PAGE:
Discovered: The 11th warmest year on record, comet death on camera, banning fast food ads works, red wine's back, ad where you vote matters.

  • 2011 was the 11th warmest year ever. We know the term "global warming" is a passe way to describe our earth's deterioration, but, hello global warming. NASA, which has recorded the global temperature since 1880, found 2011 as the 11th warmest year on record, continuing the trend in which nine of the 10 warmest years have occurred since the year 2000. See telling chart below. For those of you who aren't regular readers of this here research roundup, all the climate change and warming is doing nasty things to our ecosystem and planet. [NASA]
  • This is what comet death looks like. Speaking of hot things, for the first time ever, NASA caught footage of the sun exploding a comet. The footage is kind of blurry and almost impossible to see. But when expanded, the comet comes in on the right and disappears into the sun's fiery depths. Above we see the comet as it grazes the sun via the LASCO C2 camera.  [NASA]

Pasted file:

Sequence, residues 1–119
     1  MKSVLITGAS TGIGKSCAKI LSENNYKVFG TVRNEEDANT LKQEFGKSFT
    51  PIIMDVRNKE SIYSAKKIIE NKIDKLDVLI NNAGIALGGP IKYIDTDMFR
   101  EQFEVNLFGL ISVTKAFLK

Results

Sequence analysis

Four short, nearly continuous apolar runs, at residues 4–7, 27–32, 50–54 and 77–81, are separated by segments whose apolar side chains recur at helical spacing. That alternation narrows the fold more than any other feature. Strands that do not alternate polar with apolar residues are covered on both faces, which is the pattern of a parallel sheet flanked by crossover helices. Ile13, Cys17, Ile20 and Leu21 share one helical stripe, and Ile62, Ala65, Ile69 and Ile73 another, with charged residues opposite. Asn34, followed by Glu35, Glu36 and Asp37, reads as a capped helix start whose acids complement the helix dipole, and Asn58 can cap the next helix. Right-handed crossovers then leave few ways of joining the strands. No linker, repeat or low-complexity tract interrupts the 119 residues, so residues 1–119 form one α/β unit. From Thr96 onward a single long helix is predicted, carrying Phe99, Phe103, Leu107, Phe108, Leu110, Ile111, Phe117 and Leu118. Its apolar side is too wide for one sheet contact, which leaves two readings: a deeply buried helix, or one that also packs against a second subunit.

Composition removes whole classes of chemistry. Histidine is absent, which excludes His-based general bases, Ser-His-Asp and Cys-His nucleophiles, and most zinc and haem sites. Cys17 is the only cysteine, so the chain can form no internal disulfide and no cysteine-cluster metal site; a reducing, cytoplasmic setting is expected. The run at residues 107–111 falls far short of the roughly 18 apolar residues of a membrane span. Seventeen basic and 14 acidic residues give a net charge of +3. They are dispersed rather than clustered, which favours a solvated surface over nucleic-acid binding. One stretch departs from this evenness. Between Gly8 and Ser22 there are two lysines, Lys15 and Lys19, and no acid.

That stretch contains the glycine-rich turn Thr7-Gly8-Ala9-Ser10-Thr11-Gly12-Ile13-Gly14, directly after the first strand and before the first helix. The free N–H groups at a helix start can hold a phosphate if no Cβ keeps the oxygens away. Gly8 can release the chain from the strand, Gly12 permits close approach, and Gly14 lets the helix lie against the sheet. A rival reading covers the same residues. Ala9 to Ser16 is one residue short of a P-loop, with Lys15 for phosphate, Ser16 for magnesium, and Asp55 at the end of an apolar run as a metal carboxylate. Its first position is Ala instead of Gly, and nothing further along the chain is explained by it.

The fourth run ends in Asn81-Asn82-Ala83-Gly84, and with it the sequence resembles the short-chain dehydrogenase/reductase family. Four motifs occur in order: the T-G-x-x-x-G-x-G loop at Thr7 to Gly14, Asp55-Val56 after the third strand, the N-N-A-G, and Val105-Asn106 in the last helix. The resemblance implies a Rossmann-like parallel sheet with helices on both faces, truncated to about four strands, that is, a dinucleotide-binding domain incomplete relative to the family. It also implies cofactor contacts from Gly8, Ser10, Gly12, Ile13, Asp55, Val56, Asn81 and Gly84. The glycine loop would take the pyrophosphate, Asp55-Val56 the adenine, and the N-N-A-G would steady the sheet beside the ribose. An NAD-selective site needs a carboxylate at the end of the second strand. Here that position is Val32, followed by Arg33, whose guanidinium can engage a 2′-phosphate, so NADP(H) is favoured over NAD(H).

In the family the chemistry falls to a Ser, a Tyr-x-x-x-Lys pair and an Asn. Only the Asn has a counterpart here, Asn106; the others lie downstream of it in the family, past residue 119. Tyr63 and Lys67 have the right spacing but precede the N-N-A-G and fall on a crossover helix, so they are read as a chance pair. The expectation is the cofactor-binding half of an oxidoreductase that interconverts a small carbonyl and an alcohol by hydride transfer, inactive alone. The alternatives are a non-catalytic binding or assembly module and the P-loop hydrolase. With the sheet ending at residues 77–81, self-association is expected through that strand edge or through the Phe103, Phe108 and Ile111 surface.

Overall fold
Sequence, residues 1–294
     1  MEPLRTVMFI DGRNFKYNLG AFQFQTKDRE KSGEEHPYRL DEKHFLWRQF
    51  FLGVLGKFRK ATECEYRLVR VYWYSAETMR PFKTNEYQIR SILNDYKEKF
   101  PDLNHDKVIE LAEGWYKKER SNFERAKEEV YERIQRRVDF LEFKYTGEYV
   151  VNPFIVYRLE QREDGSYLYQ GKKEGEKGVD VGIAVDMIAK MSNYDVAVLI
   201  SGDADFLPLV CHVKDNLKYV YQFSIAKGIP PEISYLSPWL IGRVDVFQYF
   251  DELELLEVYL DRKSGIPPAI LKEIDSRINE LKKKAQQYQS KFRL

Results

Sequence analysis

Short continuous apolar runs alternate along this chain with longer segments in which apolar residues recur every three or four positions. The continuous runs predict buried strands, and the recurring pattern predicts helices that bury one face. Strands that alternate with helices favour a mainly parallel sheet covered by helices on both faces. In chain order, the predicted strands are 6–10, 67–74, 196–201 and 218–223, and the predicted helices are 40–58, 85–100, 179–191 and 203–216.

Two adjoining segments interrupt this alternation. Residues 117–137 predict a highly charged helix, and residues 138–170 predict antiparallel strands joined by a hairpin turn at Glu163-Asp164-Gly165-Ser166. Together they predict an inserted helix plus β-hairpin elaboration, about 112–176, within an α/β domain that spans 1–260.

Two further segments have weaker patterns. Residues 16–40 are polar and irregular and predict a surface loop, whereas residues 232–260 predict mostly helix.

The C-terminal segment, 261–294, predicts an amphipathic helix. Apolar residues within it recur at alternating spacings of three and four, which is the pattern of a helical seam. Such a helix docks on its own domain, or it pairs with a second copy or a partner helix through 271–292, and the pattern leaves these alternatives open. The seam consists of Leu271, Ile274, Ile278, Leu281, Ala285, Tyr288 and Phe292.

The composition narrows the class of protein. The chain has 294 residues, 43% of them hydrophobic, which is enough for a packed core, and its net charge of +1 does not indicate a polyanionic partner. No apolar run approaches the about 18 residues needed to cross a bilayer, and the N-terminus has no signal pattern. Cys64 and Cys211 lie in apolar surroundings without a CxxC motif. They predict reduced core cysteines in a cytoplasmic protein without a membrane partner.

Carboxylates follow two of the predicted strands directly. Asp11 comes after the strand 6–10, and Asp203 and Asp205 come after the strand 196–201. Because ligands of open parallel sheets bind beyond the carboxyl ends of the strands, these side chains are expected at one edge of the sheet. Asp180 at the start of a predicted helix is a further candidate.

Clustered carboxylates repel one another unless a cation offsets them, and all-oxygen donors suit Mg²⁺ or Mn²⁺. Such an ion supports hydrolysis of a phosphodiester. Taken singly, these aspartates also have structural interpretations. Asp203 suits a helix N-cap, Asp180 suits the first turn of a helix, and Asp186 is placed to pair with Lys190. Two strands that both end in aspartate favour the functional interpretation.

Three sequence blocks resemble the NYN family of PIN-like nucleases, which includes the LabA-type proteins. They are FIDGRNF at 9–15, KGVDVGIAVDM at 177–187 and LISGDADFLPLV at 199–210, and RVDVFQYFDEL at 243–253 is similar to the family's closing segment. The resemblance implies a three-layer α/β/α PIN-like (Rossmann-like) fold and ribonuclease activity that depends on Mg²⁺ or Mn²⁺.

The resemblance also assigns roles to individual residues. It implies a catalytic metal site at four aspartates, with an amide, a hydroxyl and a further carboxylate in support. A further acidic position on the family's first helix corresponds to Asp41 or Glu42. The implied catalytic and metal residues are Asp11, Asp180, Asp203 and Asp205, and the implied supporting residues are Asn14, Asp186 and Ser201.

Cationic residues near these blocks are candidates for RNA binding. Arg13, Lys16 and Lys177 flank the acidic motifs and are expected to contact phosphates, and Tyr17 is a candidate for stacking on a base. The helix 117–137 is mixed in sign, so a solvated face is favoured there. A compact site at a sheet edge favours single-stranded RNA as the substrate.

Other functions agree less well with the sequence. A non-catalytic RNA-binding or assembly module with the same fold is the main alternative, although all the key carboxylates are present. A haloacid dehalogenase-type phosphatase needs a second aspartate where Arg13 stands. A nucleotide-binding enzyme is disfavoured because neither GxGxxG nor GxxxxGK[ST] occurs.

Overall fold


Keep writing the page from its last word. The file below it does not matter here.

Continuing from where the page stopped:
• Banning fast food ads works. As McDonald's advertisements make the food look delicious and nutritious, this doesn't quite surprise us. But, here's some academic proof: following the commercial ban in Quebec, researchers found fast-food expenditures reduced 13 percent per week in French-speaking households. That added up to between 11 million and 22 million fewer fast-food meals eaten per year, or 2.2 billion to 4.4 billion fewer calories consumed by children.  [Journal of Marketing Research]
  • More good news for wine drinkers, sort of. After that red-wine research fraud blow the other day, here's a tiny bit of good news for the grape-based beverage. The anti-oxidants in grapes, those same anti-oxidants everyone's always raving about, could prevent age related blindness. It's not exactly the fountain of youth miracle drink we had once thought, but it's a step. [Free Radical Biology and Medicine]
  • Churches make voters more conservative. There's something about being in or near a place of worship that influences voters to the right. "The important finding here is that people near a religious building reported slightly but significantly more conservative social and political attitudes than similar people near a government building," explained researcher Wade Rowatt. We see a new plan of action in the Obama campaign's future. [Baylor]